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  2. VH-RMD

    VH-RMD Original Member

    No decision on extending Tiger suspension

    Updated 2 hours 19 minutes ago

    CASA says yesterday's meeting was important in helping to decide on the airline's future. (AAP: Tiger Airways)

    The Civil Aviation Safety Authority (CASA) has not yet decided if it will move to extend the grounding of Tiger Airways.
    The airline's domestic services have been grounded until at least Saturday because of serious safety concerns.
    Tiger Airways executives held a two-hour meeting with CASA yesterday and in a statement said the airline was working with CASA to get flights back in the air as soon as possible.
    CASA's Peter Gibson says the airline has been cooperative and yesterday's meeting was helpful.
    Mr Gibson says the meeting was an important step in determining the airline's future.
    "Certainly Tiger were very open during the meeting. There were very good discussions about a range of issues," he said.
    "Tiger brought to the table a number of senior people and we had about two-and-half hours of discussion about the investigation into the incident and a range of other issues.
    "But this was just another step in the detailed process of working through all the issues - investigating the recent incidents and determining a position on how we can move forward with Tiger."
    In a statement Tiger Airways says it will continue to work with CASA to get flights back in the air as quickly as possible.
  3. VH-RMD

    VH-RMD Original Member

    Grounded Tiger, 'complex' problems

    By Emily Bourke
    Updated 32 minutes ago

    Tiger Airways flights look set to be grounded until August 1 as CASA investigates 'complex issues' (ABC: Timothy Marshall)

    Tiger Airways looks set to be grounded for several more weeks as investigations continue into safety issues at the airline.
    Australia's air safety regulator is heading to the Federal Court to argue for the temporary flight ban to be extended until August 1, because it has too many outstanding safety concerns.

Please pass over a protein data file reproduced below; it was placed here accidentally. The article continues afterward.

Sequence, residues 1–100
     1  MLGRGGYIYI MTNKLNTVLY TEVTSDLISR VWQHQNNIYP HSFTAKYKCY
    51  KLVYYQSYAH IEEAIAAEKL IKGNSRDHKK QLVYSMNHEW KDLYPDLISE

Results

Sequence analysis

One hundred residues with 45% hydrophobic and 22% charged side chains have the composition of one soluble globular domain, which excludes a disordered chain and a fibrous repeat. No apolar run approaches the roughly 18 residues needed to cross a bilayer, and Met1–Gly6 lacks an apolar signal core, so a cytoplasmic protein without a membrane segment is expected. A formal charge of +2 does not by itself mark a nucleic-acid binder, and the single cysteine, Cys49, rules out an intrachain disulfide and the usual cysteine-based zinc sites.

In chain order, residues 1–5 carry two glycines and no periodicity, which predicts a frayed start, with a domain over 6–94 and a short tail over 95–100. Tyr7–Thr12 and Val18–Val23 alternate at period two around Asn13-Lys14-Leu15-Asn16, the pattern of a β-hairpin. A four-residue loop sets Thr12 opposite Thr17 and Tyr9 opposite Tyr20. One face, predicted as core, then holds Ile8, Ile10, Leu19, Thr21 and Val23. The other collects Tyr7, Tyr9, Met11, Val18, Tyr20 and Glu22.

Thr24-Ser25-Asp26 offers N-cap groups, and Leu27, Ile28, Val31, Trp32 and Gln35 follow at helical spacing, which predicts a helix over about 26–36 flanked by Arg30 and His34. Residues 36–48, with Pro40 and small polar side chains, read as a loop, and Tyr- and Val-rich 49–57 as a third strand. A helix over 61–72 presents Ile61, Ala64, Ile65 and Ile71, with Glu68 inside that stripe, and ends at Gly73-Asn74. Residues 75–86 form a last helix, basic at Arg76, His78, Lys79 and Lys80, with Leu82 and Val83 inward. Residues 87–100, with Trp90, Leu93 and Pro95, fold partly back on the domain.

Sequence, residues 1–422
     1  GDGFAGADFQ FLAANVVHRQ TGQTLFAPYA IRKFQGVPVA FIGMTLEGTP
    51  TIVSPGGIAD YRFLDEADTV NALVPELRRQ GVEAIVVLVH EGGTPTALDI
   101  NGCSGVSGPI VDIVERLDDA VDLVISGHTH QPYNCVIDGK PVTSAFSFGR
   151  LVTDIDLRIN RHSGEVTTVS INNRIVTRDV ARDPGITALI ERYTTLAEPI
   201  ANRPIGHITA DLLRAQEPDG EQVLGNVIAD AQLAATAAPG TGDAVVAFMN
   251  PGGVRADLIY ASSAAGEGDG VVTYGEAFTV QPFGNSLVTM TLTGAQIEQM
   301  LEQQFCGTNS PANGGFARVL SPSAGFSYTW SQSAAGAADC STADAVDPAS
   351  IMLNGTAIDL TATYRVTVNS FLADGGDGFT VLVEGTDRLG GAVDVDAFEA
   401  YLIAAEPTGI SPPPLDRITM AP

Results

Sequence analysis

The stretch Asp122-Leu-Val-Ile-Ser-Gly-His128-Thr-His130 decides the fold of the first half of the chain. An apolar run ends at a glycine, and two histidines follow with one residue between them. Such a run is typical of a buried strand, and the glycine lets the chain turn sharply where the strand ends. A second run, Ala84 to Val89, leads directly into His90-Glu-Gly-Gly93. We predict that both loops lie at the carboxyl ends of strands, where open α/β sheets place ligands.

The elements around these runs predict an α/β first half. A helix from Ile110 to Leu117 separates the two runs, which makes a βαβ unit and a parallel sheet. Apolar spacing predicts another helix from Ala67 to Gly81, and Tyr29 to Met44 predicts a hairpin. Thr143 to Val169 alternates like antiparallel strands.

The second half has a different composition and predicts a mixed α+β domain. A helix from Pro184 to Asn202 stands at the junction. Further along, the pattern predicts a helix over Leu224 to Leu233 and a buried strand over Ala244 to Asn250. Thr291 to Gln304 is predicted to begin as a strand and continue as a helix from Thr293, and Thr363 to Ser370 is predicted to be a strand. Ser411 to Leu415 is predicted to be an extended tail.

The airline was slapped with a week-long suspension last Saturday because of a serious and imminent risk to air safety, but Peter Gibson from the Civil Aviation Safety Authority says investigators need more time.
    "What we have to do is we have to complete our investigations into particular incidents and other matters that we're looking at, and then turn our minds to what this tells us about the safety systems within Tiger, what systemic problems may exist within the airline and then look at what the solutions are to that," he said.
    "So it's a lot of work, it's detailed work, we've got to go through it step by step very carefully so that we get the right safety outcomes. It's not just about particular incidents, it is delving right down into how the organisation is operating."
    Mr Gibson says the scope of the investigations has not expanded, but the safety issues are more complex than first thought.
    "The scope of the investigations remains pretty much the same but as we're working through it, we're finding that the issues are very complex, more complex than we first thought," he added.
    Tiger says it will not oppose the extended ban on flights, and it will refund fares to passengers with tickets from now until July 31.
    Peter Gibson says Tiger has been cooperative, but the issues may not be resolved quickly.
    "There's a lot of work to do between now and August 1 if, indeed, the Federal Court grants the extension to the grounding, and it'll be obviously working towards getting the airline back into the skies safely, and making sure that all the safety issues are addressed, that where changes are needed there are not only plans for those changes but obviously that they are implemented," he explained.
    "So look there's a lot to be done between now and then."
    The aviation editor at West Australian newspapers Geoffrey Thomas says Tiger airways insiders - especially pilots - are furious.